Hyam pinpoints hospitals as important ingredients to infrastructure. He identifies two hospitals nursed by Algiers: Hòpital Civil and Hòpital du Dey.
Hòpital Civil (circa 1840) was a public hospital that admitted all folks regardless of their identity for a small charge while Hòpital du Dey (circa 1833) was solely a military hospital. Hyam narrates the former as “picturesque” and sweepingly large with twenty buildings bridged together by scenic walks and gardens and personal touches like flowers stowed in patient rooms. If an individual could not afford medical treatment, they were able to undergo free treatment at a minuscule building beside it.
The aesthetic and capacious Hòpital Civil aided French colonization as much as Hyam’s descriptions on it because they sought to reassure European tourists that a place filled with Algerians was civilized. Hyam wanted the everyday tourists to know they could travel to Algiers and be safe if anything unfortunate happened. The French placed their ideas of European society and civilization onto the Algerians through this hospital. Also, Algerians were likely to use the separate, smaller hospital since it was free. The French established themselves as a presence that could bring costless healthcare to Algerians. This subtle yet manipulative motive was a method to make Algerians dependent and forcibly complicit to French occupation. Hòpital Civil enabled the French to maintain their dominance, authority, and surveillance over Algerians.
Contrarily, Hyam describes Hòpital du Dey as superior and “a model establishment of its kind, one rarely sees anything similar, managed and conducted in a better and more practical manner, either in France or England”. It was more spacious, picturesque and contemporary than Hòpital Civil with “the latest hygienic appliances”, tropical plants, and French oil paintings. Hyam chronicles that “this hospital leaves nothing to be desired” because the hospital carried everything wished.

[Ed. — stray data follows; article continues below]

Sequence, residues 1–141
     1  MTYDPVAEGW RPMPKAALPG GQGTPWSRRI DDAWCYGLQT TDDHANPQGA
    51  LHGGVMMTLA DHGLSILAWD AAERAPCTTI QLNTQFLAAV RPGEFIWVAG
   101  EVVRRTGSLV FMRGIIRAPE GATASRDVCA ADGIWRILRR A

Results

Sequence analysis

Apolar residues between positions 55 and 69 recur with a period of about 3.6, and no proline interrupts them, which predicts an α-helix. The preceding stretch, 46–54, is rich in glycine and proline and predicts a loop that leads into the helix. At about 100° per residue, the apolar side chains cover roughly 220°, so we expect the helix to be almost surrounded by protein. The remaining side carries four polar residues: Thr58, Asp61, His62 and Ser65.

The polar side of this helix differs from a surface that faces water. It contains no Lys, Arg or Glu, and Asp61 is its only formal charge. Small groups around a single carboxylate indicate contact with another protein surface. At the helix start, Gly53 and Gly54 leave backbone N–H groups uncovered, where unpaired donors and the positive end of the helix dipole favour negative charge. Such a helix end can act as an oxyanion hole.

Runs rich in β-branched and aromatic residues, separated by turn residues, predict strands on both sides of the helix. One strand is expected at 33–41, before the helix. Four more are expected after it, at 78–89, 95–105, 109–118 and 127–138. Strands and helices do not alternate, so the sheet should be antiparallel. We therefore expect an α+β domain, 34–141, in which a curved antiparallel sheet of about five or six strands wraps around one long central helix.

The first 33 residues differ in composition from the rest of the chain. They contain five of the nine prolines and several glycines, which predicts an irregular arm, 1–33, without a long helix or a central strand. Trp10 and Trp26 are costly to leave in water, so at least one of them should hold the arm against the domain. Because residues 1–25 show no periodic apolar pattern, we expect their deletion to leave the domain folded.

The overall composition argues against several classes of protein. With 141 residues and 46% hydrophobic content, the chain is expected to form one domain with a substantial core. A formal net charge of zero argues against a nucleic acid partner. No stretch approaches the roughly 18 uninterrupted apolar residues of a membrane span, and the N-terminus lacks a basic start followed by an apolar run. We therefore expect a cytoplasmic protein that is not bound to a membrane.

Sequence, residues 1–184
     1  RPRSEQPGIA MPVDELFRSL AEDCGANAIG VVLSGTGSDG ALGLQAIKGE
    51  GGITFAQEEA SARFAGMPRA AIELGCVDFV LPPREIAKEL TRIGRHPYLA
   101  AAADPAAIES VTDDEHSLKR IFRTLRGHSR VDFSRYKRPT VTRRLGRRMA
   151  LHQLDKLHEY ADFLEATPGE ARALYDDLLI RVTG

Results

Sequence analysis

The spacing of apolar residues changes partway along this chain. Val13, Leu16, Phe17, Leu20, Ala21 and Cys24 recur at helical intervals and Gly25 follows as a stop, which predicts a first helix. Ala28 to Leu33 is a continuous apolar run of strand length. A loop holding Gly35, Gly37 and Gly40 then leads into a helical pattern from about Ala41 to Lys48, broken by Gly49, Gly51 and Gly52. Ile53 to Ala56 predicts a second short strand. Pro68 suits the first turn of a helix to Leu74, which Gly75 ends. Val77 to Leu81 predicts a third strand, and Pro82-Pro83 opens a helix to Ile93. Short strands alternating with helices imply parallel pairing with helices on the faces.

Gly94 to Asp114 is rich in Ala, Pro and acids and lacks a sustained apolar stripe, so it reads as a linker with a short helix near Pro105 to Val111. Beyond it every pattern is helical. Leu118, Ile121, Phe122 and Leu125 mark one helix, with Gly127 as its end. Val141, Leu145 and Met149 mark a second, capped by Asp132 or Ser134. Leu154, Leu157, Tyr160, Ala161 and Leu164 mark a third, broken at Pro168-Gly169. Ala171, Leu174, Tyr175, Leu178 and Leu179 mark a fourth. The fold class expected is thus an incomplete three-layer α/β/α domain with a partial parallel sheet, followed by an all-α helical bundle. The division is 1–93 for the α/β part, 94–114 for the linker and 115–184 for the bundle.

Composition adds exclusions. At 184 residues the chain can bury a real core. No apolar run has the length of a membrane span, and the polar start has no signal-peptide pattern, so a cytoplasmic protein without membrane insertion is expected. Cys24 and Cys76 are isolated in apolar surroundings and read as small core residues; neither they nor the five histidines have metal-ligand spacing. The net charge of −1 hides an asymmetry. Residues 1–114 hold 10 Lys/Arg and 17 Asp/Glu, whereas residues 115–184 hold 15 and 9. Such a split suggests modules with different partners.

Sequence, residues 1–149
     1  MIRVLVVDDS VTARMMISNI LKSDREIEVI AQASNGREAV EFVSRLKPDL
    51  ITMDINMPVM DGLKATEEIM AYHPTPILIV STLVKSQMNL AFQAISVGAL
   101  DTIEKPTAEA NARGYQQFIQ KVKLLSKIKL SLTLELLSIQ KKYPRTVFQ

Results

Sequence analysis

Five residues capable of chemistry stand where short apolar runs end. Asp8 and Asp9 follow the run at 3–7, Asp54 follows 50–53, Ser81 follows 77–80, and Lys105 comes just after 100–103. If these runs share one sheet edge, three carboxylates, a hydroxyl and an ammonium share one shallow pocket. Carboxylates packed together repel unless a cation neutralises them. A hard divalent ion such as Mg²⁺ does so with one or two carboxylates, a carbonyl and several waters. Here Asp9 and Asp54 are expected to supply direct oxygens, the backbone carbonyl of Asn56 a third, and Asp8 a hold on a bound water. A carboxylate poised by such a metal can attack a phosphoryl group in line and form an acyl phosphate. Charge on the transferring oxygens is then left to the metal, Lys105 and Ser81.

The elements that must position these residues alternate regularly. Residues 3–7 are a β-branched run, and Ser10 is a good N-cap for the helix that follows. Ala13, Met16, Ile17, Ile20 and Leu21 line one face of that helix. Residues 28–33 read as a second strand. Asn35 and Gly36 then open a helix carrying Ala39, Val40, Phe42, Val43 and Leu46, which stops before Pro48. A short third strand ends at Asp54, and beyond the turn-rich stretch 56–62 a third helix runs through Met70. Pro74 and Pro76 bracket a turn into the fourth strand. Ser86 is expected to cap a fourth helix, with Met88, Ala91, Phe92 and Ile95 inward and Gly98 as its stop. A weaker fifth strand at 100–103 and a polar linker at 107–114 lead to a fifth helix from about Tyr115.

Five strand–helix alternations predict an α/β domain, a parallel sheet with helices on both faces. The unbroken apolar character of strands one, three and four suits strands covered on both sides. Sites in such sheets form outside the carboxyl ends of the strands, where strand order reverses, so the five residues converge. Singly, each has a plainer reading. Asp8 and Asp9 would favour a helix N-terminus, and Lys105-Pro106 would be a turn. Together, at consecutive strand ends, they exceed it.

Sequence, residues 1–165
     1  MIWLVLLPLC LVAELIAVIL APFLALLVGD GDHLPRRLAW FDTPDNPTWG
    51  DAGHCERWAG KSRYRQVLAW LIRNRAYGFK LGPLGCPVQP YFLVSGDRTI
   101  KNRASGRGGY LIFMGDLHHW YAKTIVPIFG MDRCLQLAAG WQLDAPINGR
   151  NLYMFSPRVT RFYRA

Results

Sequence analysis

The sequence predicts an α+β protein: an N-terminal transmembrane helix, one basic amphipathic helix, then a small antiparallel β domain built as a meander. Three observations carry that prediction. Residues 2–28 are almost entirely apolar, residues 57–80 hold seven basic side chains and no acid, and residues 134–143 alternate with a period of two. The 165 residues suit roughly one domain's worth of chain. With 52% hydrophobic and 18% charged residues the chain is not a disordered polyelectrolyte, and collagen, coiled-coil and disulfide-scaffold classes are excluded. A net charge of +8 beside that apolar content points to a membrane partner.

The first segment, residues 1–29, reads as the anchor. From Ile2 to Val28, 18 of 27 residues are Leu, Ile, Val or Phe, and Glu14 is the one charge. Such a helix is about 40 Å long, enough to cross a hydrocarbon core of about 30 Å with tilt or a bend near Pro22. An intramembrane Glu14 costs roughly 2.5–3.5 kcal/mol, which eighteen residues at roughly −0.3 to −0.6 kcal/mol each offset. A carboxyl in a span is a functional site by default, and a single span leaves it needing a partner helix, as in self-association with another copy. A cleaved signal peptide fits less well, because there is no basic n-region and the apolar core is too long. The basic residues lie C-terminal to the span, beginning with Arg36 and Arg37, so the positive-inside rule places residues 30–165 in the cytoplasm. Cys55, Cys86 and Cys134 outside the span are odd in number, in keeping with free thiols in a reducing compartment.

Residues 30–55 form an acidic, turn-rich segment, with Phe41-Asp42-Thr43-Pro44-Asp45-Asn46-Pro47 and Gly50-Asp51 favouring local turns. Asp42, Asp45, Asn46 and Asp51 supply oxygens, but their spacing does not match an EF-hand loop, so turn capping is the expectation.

It can be inferred that Hòpital du Dey was more vital to the French because it helped maintain their control and power over the Algerians by caring for a strong military force. The French also brought their ideas of civilization to Algiers through their emphasis on technology and Western medicines of healing over Algerian, traditional practices. This hospital was a tourist infrastructure that allowed the French to indirectly assimilate Algerians into European civilization.
Hyam’s guidebook furthered the agenda of the French empire. Through his words and descriptions on the two hospitals, he influenced European tourists to come to Algeria with an empire mindset, one characterized by their belief in superiority and civilization.